Landing next to another helicopter at low RPM

A pet peeve of mine. Helicopters are susceptible to rotor->airframe contact while they are at low rotor RPM. They are at low rotor RPM during startup and shutdown. Therefore, don't land next to a helicopter that is just starting up, or has just shut down with it's blades still turning. If you are about to pick up to a hover, don't do it if the pilot in the next aircraft over is about to enage his rotors or has just killed his engine. Wait until the other aircraft's rotors are either stopped, or are up to operating RPM before you subject that aircraft to your downwash.

Proper orientation to land with respect to wind direction

Although it is certainly easier to land pointed into the wind, if the wind is really strong or gusty you increase the chance of a tailboom strike during shutdown or subsequent start up by landing into the wind. The problem is that the rotor blade is flapping down and reaches maximum downward deflection when it is over the tailboom when you land pointed into the wind. Instead, if you either land tail into the wind (not such a hot idea for a turbine aircraft) or with a cross wind, the blades will not be at maximum down flap as they pass over the tailboom. Some manufacturers recommend having the wind at your 7-8 o'clock position in this situation.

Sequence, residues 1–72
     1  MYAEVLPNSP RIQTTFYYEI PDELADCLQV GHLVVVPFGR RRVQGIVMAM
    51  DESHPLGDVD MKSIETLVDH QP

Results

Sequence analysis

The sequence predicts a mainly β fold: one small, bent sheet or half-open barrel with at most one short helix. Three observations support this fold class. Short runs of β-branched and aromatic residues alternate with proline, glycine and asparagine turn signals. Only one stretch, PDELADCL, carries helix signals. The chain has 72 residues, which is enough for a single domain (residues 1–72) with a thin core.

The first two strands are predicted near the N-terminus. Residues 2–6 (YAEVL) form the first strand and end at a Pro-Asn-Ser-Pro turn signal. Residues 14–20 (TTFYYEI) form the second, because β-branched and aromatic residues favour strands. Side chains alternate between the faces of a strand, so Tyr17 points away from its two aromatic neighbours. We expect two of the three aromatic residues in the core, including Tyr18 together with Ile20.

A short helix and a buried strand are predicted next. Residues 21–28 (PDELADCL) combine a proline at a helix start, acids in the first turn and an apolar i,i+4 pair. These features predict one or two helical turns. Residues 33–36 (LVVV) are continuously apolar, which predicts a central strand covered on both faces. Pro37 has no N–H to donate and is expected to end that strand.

If you are an inexperienced pilot, you might not want to attempt tail into the wind takeoffs and landings, since they are slightly more difficult to perform. Hopefully an inexperienced pilot won't be flying on days where the wind is strong enough to make boom strikes a concern..

Paul Cantrell
paul at copters.com (replace " at " with "@" to email me - this avoids SPAMMERS I hope)